That was the good old days when Craftsman were top quality tools.
Vic
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Jesse R Strawbridge wrote:

I had a Craftsman Commercial router that I bought in the early 70's. Very good tool, performed well. When it was stolen, I replaced it with another Craftsman, but the Craftsman Commercial product line was not longer available in the mid 80's. This one was total crap--plastic motor housing, self-dismantling fan, way too much vibration. And the chuck had a way of losing its grip on bits.
I recently replaced that one with a Craftsman that was actually made by Bosch. The kit that came with plunge and fixed bases. Excellent tool, plenty of power, smooth, vibration-free operation. Hopefully Sears/K-Mart has gotten the message recently that their power-tool reputation had taken a nose-dive in recent years?
BTW, in the early 70's at least, the hand-held power tools were made by Singer, and the stationary ones by Emerson Electric.
--Steve
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wrote:

Not likely. 38 years ago, Craftsman stuff was quite good. Chances are, his router is a Rockwell.

When did you buy it? Think about it.
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Right
My TS is pretty good (with the help of Biesemeyer fence.) So was the jointer, but I sold it 'cause it was too short.
Flip that coin over that think about the number of people who only know Craftsman as a junk brand. To some degree, the same can be said of the Kenmore appliance brand for a period of time.
Time was, the wife and I always thought to go to Sears first for *anything*. Nowadays we don't think of them at all. For anything.
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George Max wrote:

My 6" disk sander - purchased around 40 years ago - is still just fine and has been used a *LOT* both as intended and with a chuck making it into a 1/2" drill.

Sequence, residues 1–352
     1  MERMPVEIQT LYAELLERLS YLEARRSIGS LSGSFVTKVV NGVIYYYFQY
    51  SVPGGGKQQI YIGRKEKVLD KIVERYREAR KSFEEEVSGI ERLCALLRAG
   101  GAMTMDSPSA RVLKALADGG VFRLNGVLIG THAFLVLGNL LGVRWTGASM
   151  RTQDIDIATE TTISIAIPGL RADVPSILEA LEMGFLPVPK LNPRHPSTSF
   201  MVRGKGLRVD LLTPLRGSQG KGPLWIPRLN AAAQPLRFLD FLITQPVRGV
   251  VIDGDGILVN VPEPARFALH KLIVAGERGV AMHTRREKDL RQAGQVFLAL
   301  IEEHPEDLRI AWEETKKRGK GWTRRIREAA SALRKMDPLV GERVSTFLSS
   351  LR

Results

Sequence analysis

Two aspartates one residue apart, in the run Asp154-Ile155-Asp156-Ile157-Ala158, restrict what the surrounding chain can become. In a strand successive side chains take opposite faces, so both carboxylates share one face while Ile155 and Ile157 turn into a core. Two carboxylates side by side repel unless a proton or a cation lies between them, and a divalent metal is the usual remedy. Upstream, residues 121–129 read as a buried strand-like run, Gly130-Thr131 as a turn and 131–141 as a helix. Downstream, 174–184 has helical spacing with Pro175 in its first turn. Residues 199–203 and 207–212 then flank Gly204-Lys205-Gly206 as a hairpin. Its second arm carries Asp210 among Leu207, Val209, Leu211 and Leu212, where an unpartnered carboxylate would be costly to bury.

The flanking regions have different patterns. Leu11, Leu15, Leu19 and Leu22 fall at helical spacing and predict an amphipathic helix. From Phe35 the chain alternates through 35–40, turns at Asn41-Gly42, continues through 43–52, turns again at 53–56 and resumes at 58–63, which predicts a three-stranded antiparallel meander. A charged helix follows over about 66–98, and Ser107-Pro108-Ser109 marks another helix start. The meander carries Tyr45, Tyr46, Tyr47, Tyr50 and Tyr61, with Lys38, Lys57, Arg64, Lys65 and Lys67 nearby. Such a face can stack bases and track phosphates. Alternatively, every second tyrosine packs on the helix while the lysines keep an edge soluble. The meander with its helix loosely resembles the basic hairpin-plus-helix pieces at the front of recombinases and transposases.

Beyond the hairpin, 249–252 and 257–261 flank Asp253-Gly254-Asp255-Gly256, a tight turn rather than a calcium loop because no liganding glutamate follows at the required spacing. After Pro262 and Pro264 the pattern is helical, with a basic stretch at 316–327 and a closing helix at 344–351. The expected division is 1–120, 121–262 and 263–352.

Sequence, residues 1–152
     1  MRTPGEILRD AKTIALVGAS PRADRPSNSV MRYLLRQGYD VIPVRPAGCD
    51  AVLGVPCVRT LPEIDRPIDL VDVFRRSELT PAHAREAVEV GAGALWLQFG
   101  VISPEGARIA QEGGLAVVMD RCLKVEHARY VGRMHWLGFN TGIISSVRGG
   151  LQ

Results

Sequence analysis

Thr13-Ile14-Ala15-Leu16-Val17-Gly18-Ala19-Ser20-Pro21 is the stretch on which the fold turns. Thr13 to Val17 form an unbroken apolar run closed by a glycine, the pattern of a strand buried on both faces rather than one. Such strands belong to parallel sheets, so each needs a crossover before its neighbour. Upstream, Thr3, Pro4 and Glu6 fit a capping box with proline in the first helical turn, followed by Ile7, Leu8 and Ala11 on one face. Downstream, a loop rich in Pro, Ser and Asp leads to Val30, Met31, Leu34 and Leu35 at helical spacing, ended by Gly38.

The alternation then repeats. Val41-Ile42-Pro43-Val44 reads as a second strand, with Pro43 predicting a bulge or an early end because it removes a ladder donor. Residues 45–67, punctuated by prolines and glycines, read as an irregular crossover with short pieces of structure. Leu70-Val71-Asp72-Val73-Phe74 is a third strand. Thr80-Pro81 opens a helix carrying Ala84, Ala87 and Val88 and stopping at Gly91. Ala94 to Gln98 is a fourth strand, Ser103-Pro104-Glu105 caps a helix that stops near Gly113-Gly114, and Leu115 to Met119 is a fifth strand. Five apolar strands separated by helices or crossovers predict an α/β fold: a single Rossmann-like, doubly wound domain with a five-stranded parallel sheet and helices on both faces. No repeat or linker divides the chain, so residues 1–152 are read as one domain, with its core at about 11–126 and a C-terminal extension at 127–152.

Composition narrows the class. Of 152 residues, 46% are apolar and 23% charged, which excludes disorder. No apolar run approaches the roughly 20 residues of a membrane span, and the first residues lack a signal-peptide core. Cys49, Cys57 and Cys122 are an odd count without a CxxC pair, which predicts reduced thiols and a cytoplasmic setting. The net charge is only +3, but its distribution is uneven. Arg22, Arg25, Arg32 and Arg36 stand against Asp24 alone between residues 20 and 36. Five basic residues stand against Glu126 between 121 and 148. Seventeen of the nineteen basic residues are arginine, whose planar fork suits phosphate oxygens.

--

dadiOH
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I HAD one of these...scared the crap out of me...once the motor stopped, I removed the bit, and chucked it in the trash can and never looked back or forward to another Crapsman power tool, that's been 20 years now and I've purchased many tools...just couldn't bring myself to it. Man, that was scary....

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Sun, Oct 1, 2006, 11:27pm (EDT+4) snipped-for-privacy@removethis.yahoo.com (GeorgeMax) doth claimeth: <snip> I have a Craftsman router too. It makes a nice paperweight. Self adjusting collet and all. And the infamous fly apart fan. <snip>
Interesting, I've heard about the self adjusting collets, but never problems with the fan.
I've got one I used for several years in my router table. No problems. Of course I just use a flush trim bit in it, and don't adjust the height. It quit one day, and I stuck another one in, and still no problems with it either, after maybe 5 years or so. Found out the first one had a weak solder connection that failed - a simple solder job will fix that - when I get around to it.
JOAT It's not hard, if you get your mind right. - Granny Weatherwax
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I have a little metal router and circular saw from about 1970. Both are excellent, but the brand has slipped since. I also have iron topped TS from the mid 70s and both are very straight, with poor fences. One is crosscut only and never has the fence on. The other is rip only and I make the fence work OK by pushing it up against the rail before clamping down. Works fine. Both have dead straight arbors and the adjustments work OK. But I'll admit I'm getting tempted by the Sawstop. Does anyone here have one? Wilson

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A friend who worked (very briefly) for Sears Hardware told me that the training tapes for new employees mention that Sears holds its cost on power tools down by using all recycled metals, plastics, etc. That would appear to explain some of the low-quality issues.
--Jim

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I don't believe that. Did he happen to say where the Sears factory is?

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training tapes for new employees mention that Sears holds its cost on power tools down by using all recycled metals, plastics, etc. That would appear to explain some of the low-quality issues.<<<
Baloney! If you want junk they will sell you junk, if you want good stuff they will accommodate you there also. They (just like others) try to have something for all markets. The average person who walks in want a $50 router or circular saw and most likely has never used one and probably won't use it once a year. On the other hand if someone who wants a better quality they will also have that. Check out their 1617-12 router kit, it's all Bosch right down to the part numbers. RM~